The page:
These days it is hard to find something truly original. Something that makes me sit back and think: I can’t compare this to anything. But Guy Maddin’s ‘My Winnipeg’ did just that.
Because ‘My Winnipeg’ is a documentary, but unlike one you’ve ever seen. For one, it’s not true. But mockumentaries have existed before. Yes, but none of them use silent movie era cinematography and combine this with the occasional animation or reenactments of the director’s personal life, which might not even be based on real-life experiences for all I know.
Maddin’s voiceover says that all the family members are being played by actors apart from his mother, who was played by his actual mom. But the end credits disprove that. Even the voiceover can’t be trusted here. It’s very hard to untangle fiction from reality here, both in looking back at Maddin’s own life and the Winnipeg he grew up in.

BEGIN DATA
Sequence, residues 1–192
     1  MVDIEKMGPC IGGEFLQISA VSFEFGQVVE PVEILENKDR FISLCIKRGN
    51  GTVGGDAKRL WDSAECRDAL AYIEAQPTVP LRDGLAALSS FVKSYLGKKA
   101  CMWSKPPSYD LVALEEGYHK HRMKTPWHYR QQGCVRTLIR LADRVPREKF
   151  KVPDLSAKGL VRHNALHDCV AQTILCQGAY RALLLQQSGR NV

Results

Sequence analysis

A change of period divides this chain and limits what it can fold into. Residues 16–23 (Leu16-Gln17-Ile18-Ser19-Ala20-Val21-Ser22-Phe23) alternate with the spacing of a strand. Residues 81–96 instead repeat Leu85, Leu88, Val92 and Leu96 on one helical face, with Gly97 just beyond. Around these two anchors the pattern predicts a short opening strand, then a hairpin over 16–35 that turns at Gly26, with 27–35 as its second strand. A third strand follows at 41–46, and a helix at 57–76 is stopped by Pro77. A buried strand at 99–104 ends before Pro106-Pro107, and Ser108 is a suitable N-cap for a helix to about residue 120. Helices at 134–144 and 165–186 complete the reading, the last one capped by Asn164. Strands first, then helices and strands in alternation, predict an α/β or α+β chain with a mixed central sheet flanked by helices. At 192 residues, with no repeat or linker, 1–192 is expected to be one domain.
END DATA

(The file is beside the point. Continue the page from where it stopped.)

And that’s what makes this documentary so much beautiful, because it’s not really a documentary at all. It’s a dreamlike, semi-autobiographical poem that occasionally touches base with reality and then takes off again.
Was there really a hobo-town on the rooftops? Doubtful. Was there a park called ‘HappyLand’? Could very well be. Were there really frozen horses in the river trying to escape? Maybe, maybe not. I don’t know. And I don’t really want to find out. This is Maddin’s Winnipeg we saw; it doesn’t need to be true.